Company apologizes for DIY-distancing lorry, says it was ‘prototype’

Workers demonstrate exiting the lorry one by one. Image: All Singapore Stuff/Facebook
Workers demonstrate exiting the lorry one by one. Image: All Singapore Stuff/Facebook

A construction company apologized today for loading workers into a lorry with makeshift partitions after it was criticized as unsafe and inhumane.

Workers were seen entering and exiting 12 spaces created by hinged wooden panels in a bid to maintain social distancing in footage yesterday.

But while the innovation may get points for effort, it wasn’t taken well by the public, some of whom said it was immoral and not safe. The company, Shin Khai Construction, responded to the backlash in a statement earlier today.

“We are surprised that we have received interest in the video and comments from online netizens. While some comments are encouraging, we regret to hear that the video might have portrayed the way we treated our workers inhumanely and without care. We wished to issue an apology on this,” the post read.

Morning All,

Recently, there was an internal demo video of our partitioned lorry arrangement circulating in social…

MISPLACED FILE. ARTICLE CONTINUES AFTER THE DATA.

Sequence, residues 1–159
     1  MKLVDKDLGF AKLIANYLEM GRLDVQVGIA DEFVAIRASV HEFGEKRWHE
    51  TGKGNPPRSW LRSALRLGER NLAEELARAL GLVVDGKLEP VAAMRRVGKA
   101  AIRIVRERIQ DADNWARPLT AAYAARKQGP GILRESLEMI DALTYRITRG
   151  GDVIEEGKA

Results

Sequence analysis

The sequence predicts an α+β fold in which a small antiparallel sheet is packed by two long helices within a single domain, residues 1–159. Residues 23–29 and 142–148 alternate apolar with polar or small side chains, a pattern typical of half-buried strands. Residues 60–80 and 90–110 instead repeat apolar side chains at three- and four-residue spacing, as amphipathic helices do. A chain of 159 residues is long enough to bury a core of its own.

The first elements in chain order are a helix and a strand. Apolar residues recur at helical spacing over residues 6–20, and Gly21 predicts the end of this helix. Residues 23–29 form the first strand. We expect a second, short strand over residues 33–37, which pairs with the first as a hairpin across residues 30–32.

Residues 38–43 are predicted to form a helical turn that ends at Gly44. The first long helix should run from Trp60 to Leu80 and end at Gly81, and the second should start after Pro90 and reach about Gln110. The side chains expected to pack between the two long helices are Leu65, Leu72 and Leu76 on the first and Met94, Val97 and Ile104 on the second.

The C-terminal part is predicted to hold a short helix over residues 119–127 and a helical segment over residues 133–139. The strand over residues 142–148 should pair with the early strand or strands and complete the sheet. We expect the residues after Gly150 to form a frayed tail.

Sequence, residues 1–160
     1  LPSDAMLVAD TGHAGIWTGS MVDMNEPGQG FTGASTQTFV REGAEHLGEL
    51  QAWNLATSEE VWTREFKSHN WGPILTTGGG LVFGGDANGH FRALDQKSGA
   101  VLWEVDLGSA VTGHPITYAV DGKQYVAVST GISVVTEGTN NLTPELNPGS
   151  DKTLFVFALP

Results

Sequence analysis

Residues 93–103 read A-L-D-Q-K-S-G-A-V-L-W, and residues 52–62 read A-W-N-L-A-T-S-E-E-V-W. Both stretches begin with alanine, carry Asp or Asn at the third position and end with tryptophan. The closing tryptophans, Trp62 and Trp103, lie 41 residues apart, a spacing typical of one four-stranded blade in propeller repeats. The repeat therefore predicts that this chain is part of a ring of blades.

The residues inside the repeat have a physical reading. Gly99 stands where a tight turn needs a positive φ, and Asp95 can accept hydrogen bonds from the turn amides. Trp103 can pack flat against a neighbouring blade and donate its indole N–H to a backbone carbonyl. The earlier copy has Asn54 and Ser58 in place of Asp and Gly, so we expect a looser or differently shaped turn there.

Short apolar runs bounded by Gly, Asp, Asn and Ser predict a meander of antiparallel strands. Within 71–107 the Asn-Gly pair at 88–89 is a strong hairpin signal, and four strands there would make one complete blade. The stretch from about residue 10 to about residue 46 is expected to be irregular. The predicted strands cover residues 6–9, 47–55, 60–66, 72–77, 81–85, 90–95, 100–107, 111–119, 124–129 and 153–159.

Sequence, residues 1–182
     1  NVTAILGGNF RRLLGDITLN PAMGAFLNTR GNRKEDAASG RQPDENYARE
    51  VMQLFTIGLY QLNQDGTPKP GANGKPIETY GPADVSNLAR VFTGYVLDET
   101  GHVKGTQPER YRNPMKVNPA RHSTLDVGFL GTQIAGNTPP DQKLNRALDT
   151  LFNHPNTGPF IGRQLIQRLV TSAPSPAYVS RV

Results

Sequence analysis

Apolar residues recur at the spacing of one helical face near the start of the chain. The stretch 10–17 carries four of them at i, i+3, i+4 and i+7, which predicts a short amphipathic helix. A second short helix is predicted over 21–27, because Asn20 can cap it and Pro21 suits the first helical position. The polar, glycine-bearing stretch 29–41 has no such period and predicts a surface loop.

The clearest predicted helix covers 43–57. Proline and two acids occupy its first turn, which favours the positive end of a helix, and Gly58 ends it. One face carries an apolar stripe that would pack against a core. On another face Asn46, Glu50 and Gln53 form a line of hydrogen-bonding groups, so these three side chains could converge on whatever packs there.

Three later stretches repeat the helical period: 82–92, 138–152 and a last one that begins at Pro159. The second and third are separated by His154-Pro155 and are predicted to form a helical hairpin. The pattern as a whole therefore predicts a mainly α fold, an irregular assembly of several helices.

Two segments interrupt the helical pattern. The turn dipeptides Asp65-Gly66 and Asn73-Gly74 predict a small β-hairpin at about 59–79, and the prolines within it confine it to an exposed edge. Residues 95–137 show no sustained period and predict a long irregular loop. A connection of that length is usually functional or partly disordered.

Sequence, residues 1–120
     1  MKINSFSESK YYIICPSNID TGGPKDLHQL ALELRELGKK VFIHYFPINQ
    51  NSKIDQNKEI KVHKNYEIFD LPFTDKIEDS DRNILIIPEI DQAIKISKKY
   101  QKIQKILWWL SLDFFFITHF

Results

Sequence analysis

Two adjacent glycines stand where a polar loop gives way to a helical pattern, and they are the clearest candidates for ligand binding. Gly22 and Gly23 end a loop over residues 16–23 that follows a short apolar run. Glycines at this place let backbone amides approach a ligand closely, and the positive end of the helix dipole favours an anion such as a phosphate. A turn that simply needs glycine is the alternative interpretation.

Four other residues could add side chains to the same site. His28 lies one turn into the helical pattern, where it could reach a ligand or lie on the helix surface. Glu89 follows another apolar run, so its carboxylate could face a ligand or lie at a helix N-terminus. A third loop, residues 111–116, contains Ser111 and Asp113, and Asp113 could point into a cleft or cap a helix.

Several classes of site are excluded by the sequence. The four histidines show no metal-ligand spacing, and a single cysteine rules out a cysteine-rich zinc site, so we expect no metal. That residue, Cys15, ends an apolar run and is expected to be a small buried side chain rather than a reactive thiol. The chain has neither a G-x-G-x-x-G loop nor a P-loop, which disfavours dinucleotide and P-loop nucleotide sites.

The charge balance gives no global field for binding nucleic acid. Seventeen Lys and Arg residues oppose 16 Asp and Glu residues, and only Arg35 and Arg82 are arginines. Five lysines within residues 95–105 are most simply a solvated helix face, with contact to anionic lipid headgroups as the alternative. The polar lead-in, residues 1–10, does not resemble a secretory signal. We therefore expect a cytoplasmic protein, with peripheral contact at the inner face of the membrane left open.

Posted by Shin Khai Construction Pte Ltd on Wednesday, 13 May 2020

That was after a number of people griefed the sorry-looking conveyance.

Facebook user Teo Soon commented that it made the workers look like animals.

“It looks like ferrying pigs to the slaughterhouse,” Teo wrote.

The company told Coconuts Singapore that the lorry was a prototype and not in use.

“We would also like to stress that this model is a prototype that is thought of internally and is not implemented as of current stage,” the company said in a statement.

The company declined to respond to other questions pertaining to the origin of the video and where they intended to transport the workers to and from.

The idea was one of the solutions it was trying out to solve the problem of transporting many workers safely during pandemic conditions.

“As we need to conform to the safe distancing rules, our lorry capacity was greatly reduced from 23 [people] to 6 [people], which will be of a great concern for our built environment. We were also advised to do more trips to ferry our workers if need to,” the statement continued.

“Our intentions as an employee orientated business focuses on our employees well being amidst the current situation, keeping our firm active during this period,” it said.

With few exceptions, all construction work has been suspended as part of Singapore’s virtual lockdown since April 7. This has resulted in several projects being delayed months due to the drop in manpower as well.

Since the outbreak began, Singapore has counted 25,346 infections. Of those, 23,442 were dorm residents and work pass holders. The official death toll stands at 21, excluding a number of patients whose deaths were not directly attributed to the virus.

Other stories you should check out:
Nurses step up, go all in on morning dance for recovering workers
Look inside Singapore’s exhibition hall turned hospital (Photos)
20,000 workers may be discharged by June as dorm outbreaks continue
MOH says 35 people misdiagnosed with COVID-19

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